1. News
  2. /
  3. St. Petersburg

St. Petersburg woman welcomed strangers into her home for Thanksgiving

Debbie Bernhard was surprised by the reaction to her Facebook invitation.
Debbie Bernhard, inset, posted an invitation in the "I Love St. Pete" Facebook group welcoming strangers into her home. [Debbie Bernhard]
Debbie Bernhard, inset, posted an invitation in the "I Love St. Pete" Facebook group welcoming strangers into her home. [Debbie Bernhard]
Published Dec. 6, 2019
Updated Dec. 6, 2019

ST. PETERSBURG — Late last month, Debbie Bernhard posted an invitation in the “I Love St. Pete” Facebook group.

Now, she is a community hero.

Bernhard on Nov. 25 published a post in the public group (which has more than 48,000 followers) inviting anyone without Thanksgiving Day plans or a place to go for the holiday to her home.

“I know what it’s like to be without family for the holidays,” her post read.

Debbie Bernhard, 53 of St. Petersburg posted a message in the "I Love St. Pete" Facebook group inviting strangers to her home for Thanksgiving. [Facebook]

As of Friday, the post had generated nearly 600 reactions, more than 100 comments and seven shares.

“What a lovely gesture!” responded commenter Susan Irving. “It’s people like you that make St. Pete great!”

Echoed Elaine Pettit, “How blessed we are to have kind ‘friends’ like you in our community.”

At the time, Bernhard, 53, of St. Petersburg didn’t think it was a big deal. But she’s been overwhelmed by the response.

“I don’t know what I was thinking,” she said. “This is embarrassing for me, because I didn’t do it for any type of notoriety. It’s so not me. I do things for strangers all the time."

Once, she anonymously paid for the dinner of a woman sitting next to her family at a restaurant who was eating alone on Mother’s Day.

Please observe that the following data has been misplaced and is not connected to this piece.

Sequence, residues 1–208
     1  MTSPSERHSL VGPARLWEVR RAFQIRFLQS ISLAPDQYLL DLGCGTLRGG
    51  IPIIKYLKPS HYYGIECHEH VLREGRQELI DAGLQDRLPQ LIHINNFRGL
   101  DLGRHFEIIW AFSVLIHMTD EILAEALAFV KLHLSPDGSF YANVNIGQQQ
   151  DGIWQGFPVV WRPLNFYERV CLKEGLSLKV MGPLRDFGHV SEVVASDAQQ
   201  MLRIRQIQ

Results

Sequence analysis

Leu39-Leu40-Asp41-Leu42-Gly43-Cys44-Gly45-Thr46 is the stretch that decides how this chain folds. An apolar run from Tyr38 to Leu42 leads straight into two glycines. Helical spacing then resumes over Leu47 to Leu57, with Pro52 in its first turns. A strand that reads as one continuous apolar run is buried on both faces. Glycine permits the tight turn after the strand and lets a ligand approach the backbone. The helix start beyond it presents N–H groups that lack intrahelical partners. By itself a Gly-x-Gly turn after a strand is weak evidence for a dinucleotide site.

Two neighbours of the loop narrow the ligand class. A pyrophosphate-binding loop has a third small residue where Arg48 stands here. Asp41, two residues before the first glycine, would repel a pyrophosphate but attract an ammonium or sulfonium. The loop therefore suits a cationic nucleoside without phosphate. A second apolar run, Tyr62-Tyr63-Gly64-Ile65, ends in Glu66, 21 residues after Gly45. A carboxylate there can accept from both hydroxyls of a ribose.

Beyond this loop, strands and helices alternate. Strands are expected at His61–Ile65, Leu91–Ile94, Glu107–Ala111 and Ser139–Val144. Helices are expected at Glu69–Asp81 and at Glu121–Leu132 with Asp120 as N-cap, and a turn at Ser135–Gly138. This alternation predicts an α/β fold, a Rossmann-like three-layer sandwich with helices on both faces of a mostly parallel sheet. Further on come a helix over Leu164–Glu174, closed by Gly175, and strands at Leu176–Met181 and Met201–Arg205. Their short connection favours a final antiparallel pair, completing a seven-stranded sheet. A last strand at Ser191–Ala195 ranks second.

“It was so sad she didn’t have a mom,” Bernhard said. “When my family and I left, I was crying. But when I saw her walking out she had a big smile on her face.”

Last Thanksgiving, she made meals from the leftovers from her family’s dinner and took them to the men at a nearby 7-Eleven who had to work the holiday.

“I don’t see it as odd," she said. “I think that’s basic humanity. We can all do an act of kindness every day. And if we can do an act of kindness every day, we’d be in a better place.”

Opening her doors to strangers who had nowhere to go for Thanksgiving was just another act of kindness.

And much to her surprise, her gesture encouraged others to help, too.

Numerous people left comments on her post or messaged her offering money, turkeys, food and even their own homes in case Bernhard ran out of food or room at her table.

But there was plenty to eat, and everyone had a place to sit, whether at her house or one of the others.

In addition to her husband, two children, her brother and his wife, Bernhard served six others at her home. They enjoyed turkey, ham, potatoes, stuffing, desserts and wine — much of which she said guests brought with them.

Debbie Bernhard made a post in the "I Love St. Pete" Facebook group welcoming strangers into her home. Half of her table included strangers and the other half were members of her family. [Courtesy of Debbie Bernhard]

Surprisingly, only one guest came because she had seen the Facebook post: Carole Lesley, a 52-year old native of Yorkshire, England who now lives in St. Petersburg.

Lesley moved from England to Sarasota five years ago. After two years there, she lived in Massachusetts and Georgia before settling in St. Petersburg almost a year ago.

Typically, Lesley visits a friend’s home for Thanksgiving. But she was in the process of moving this year and didn’t think about where she would spend the holiday until stumbling upon Bernhard’s post.

“I thought, ‘What a nice thing to do. They must be lovely people,'" Lesley said.

She messaged Bernhard on Facebook and asked if she could join her family.

“Of course,” Bernhard responded.

The thought of going to a stranger’s house for Thanksgiving never scared Lesley, because she enjoys trying new things and meeting new people.